Ignoring the real and present danger of war
European headlines and television have been dominated by the Greek crisis, but there are much bigger global problems facing us, writes Prince Michael of Liechtenstein.
In superstitious societies, people are not allowed to talk about some dangers in case their conversation might be heard by 'the demons'. This can mean that people are not prepared to face danger.
Similarly, in today’s world some people in politics, society and the media try to avoid using the term war although it can become reality very quickly. The only sustainable way to protect ourselves from war is to recognise the reality of war and create a strong defence.
China held live-fire exercises involving ships, aircraft and land-based forces in the Yellow Sea last week. It also carried out a drill to simulate the re-supply of missiles in a combat environment.
A 3,000 metre airstrip is close to completion on an artificial island created by China in the disputed Spratly archipelago in the South China Sea. China claims authority over most of the strategically important South China Sea which is an important shipping route for trade.
The new airstrip allows China's air force to operate across Southeast Asia.
This is a small but important step in China's general military efforts and serves to confirm China's claim on the waters of the Yellow Sea in the north and the South China Sea in the south.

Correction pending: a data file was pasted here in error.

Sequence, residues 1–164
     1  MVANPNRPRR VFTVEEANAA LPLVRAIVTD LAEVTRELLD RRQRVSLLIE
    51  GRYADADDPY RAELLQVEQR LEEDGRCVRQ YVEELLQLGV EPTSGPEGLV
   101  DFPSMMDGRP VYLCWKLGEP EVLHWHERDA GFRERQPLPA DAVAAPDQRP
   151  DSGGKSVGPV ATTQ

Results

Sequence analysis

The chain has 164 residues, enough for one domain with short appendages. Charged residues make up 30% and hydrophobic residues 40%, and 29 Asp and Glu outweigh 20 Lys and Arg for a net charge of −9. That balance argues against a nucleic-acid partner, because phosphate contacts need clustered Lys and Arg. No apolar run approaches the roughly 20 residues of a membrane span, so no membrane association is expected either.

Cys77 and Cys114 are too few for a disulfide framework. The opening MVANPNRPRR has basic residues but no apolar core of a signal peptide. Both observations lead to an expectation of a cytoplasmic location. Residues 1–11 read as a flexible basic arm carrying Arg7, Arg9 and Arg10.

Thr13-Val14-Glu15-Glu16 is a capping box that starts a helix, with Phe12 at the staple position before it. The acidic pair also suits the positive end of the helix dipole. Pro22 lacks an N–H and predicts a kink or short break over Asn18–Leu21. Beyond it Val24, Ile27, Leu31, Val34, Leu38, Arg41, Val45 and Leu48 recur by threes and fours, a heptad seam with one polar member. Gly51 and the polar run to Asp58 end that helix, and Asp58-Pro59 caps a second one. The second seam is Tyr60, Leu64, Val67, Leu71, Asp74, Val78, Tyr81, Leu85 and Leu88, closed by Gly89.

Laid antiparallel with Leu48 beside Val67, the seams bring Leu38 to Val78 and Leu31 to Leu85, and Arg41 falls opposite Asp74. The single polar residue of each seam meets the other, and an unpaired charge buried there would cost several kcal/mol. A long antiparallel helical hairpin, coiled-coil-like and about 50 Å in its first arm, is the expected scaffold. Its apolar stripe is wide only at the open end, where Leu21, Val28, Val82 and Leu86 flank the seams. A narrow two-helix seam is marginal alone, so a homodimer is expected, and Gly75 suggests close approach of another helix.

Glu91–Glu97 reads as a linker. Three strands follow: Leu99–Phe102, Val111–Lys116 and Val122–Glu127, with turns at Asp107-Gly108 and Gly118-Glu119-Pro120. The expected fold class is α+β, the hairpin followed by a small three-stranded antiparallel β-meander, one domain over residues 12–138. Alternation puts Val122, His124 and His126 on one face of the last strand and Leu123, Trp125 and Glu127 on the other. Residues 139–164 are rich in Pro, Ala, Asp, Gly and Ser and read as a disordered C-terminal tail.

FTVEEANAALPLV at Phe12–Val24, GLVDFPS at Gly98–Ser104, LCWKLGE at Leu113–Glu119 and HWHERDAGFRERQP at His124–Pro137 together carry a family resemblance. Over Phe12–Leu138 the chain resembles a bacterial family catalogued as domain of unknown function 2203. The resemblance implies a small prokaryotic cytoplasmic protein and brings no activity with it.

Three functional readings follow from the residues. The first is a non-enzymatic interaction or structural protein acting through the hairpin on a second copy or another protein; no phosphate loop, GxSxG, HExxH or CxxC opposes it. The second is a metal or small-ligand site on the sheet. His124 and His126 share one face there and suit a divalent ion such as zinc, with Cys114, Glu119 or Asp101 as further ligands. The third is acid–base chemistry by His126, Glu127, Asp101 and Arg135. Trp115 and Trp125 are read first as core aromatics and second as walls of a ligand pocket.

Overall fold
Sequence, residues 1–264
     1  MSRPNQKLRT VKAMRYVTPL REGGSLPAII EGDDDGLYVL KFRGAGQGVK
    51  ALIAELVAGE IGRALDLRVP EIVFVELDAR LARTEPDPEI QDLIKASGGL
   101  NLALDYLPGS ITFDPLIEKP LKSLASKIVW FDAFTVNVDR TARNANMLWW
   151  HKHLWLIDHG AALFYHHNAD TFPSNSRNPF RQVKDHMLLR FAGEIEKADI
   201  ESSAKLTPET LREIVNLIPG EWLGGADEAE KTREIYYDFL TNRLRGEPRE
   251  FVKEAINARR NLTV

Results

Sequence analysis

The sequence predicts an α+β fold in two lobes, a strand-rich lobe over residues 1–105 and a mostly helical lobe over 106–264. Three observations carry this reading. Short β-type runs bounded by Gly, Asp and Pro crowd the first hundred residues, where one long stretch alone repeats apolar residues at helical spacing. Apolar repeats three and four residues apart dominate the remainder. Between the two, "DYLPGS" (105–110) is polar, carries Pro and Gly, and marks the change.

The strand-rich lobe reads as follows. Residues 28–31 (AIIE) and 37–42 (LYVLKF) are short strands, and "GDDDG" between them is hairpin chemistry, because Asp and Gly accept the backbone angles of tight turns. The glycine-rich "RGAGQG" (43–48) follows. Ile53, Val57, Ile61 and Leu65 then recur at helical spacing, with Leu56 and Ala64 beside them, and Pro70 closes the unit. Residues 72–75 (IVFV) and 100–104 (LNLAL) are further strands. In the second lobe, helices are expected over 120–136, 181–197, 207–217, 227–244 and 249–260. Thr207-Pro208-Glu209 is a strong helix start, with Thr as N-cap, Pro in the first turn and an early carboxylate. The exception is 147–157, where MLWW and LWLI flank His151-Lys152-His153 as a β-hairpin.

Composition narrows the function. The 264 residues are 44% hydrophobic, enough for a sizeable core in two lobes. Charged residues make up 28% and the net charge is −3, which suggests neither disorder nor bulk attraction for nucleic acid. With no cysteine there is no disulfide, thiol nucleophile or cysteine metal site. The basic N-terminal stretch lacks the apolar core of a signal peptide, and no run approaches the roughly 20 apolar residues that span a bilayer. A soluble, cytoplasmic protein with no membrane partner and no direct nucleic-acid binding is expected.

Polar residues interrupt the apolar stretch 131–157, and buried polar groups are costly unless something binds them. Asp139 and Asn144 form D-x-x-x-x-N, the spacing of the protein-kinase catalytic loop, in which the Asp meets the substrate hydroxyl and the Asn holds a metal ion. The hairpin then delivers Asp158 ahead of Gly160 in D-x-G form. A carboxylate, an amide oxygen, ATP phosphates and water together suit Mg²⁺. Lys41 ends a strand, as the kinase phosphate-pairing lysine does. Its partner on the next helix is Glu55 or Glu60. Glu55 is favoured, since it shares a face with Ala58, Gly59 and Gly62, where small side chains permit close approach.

It also sends a message to nations off the Chinese coast and in Southeast Asia - Japan and South Korea, Taiwan, the Philippines, and Vietnam – that China wants to be recognised as a regional hegemonic power.
This is where China's interests clash with those of the US.
At the same time, China has announced a comprehensive surveillance programme on its own territory. Such programmes can be symptoms of a regime fearing its own population and/or preparation for armed conflict. Regimes which fear their own people can easily become aggressive in their foreign relations and take refuge in armed responses.
America’s armed forces globally are far superior to China’s. But this is a global perspective and does not reflect China’s regional superiority. This is exacerbated by US engagements across the world and, although the pivot is on Asia, the US cannot avoid involvement in other hot spots.
But while China rattles its sabre, Russia is also re-arming and flexing its military muscles in its own backyard.
Worrying facts emerged last week due to Russia's inability to recognise the rights of self-determination of former Soviet Union countries such as Ukraine, the Baltics, Georgia and Moldova.
Russian courts are reviewing whether the independence of the Baltics was legal. This reawakens the spectre of Crimea's annexation. Deliveries of natural gas, essential for Ukraine's economy, were stopped in order to hamper Ukraine's independence.
This almost belligerent behaviour is not the first concern of the US at the moment.
Hot spots in North Africa and the Middle East, and the shaky India-Pakistan-China situation, are adding to tensions and instability, exacerbated by Europe's weakness.
The largest danger facing the world today is China-US relations in the Pacific. Other global hot spots tie up US military capacity while any new conflict breaking out could easily trigger a chain-reaction leading to war.